Alternative Investments Offering Interesting Possibilities for Adventurous Investors
Posted on January 30, 2018
There is no hard and fast rule about what an “alternative investment” is. It is really up to personal interpretation. For the purposes of this article, we’re referring to alternative investments as ones that are outside the immediate mainstream. Therefore, an S&P 500 index fund is mainstream whereas an oil and gas limited partnership would be an alternative investment.
Let’s now look at a few interesting alternative investments.
High Dividend Stocks
Buying high income stocks that pay a healthy cash dividend is something that the writers at Dividend Mantra know only too well. The idea here is that only receiving a paltry 2 percent from an investment in an S&P 500 or total market index fund or something smaller from an actively managed fund isn’t enough to live on. While bonds deliver a higher income, they often don’t rise in value with inflation and so the income comes at the high cost of your investment losing value every year.
With income stocks, they tend to manage their earnings better (squandering them less often on pet projects by the CEO) which allows companies to pay out a healthier dividend while still growing the business. When buying at a sensible valuation, it’s possible to secure an attractive yield for the coming years and live off that income.
Investing in websites, mobile apps and other digital assets is somewhat new for most investors. However, it’s a growing field because of the high return that’s possible with the right purchase. Combined income and capital returns of around 50 percent are often achievable once having experience with this asset class.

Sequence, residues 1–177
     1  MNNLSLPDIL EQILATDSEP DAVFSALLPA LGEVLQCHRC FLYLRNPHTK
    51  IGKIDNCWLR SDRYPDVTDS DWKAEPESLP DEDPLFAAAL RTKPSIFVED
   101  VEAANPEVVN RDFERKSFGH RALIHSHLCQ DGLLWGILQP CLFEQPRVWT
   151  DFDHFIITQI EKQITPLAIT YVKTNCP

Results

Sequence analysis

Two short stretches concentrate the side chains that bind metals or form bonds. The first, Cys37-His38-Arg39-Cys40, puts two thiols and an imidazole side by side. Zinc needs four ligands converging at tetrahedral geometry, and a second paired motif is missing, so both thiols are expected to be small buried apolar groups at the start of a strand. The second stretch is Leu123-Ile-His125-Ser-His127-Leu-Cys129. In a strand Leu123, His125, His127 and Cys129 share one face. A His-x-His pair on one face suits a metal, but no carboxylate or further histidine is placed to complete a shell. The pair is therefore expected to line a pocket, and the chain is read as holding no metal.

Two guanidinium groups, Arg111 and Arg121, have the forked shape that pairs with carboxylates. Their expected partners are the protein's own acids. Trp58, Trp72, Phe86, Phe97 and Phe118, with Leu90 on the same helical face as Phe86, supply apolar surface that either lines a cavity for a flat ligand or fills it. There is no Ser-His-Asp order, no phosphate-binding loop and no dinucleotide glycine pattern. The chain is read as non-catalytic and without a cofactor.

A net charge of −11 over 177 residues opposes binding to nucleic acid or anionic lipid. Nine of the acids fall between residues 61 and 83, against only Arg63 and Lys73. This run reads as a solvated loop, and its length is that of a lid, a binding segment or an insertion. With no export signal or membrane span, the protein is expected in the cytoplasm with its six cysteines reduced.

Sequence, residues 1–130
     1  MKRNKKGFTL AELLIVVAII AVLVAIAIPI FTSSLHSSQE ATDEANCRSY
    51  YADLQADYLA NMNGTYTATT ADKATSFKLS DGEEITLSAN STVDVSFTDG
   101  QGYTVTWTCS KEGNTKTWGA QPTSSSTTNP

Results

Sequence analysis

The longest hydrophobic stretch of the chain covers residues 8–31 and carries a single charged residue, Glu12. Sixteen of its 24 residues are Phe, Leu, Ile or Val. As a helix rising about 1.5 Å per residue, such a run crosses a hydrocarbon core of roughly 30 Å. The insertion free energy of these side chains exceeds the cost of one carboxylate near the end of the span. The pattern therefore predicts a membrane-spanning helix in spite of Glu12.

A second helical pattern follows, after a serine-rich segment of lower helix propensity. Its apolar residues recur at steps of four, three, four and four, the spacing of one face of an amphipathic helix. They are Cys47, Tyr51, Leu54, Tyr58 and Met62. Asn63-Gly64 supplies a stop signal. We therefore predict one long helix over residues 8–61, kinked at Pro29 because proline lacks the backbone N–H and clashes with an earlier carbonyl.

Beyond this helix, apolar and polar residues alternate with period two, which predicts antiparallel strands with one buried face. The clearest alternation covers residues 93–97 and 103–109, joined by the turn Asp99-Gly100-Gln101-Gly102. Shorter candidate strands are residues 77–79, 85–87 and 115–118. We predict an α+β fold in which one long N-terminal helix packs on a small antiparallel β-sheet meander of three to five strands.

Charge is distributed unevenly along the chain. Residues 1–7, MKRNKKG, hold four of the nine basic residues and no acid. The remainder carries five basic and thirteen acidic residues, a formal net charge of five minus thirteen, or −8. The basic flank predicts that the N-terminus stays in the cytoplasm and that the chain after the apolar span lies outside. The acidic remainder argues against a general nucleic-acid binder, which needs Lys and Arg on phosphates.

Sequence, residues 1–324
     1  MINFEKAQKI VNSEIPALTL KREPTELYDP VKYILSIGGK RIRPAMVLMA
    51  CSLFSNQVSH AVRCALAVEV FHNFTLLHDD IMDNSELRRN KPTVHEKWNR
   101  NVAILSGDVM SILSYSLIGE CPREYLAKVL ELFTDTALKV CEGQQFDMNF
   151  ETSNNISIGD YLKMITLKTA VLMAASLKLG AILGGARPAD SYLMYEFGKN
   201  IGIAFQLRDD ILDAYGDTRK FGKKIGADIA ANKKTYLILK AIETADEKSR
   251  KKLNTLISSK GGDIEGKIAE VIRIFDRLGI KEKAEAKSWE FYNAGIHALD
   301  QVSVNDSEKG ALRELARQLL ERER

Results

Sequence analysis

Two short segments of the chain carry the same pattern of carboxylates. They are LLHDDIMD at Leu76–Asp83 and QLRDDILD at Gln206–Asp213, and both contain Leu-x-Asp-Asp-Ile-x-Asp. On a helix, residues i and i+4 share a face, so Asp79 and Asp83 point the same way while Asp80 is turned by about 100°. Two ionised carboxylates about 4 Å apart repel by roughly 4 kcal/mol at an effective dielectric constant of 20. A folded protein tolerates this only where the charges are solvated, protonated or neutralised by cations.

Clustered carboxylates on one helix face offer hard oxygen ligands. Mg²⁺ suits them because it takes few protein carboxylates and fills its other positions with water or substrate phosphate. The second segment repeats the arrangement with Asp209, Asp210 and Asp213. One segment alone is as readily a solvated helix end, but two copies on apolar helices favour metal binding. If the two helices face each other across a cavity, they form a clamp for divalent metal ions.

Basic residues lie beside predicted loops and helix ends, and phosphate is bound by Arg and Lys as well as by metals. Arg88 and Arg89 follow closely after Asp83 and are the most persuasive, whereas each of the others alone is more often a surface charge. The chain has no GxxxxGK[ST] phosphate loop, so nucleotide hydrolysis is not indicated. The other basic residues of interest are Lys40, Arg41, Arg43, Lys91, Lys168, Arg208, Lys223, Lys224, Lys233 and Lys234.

Buying websites is usually done on a 20-36-month multiple of earnings, which compares favorably to multi-national corporations where an investor is usually required to pay up to 10 times as much. The difference is the perceived risk level and reliability of the return from a small investment to one in a billion-dollar company.
Real Estate Investment Trusts
Real Estate Investment Trust (REITs) are pooled real estate assets that have a management team to take care of the day-to-day issues with tenants, maintaining utilities, and more. REITs run the gamut from collections of office buildings to apartments and single-family homes to convenience stores and warehouses. Public REITs trade on the stock market in much the same way as operating companies like Walmart or General Electric and can be purchased through a broker the same way.
The main advantage with REITs is that their income is usually not taxable until it’s received by the investor if they pay out 90 percent of their profits each year. Some REITs even pay monthly dividends like the Realty Income REIT. The income from REITs is usually 3-7 percent annually, but there are times when REITs have traded down, and their income yield is even higher.
Exploring alternative investments has the potential to deliver a higher than average return and with a higher income than traditional stocks and bonds in a balanced portfolio. As with all investing, care must be taken to understand any investment fully before considering any putting money into it.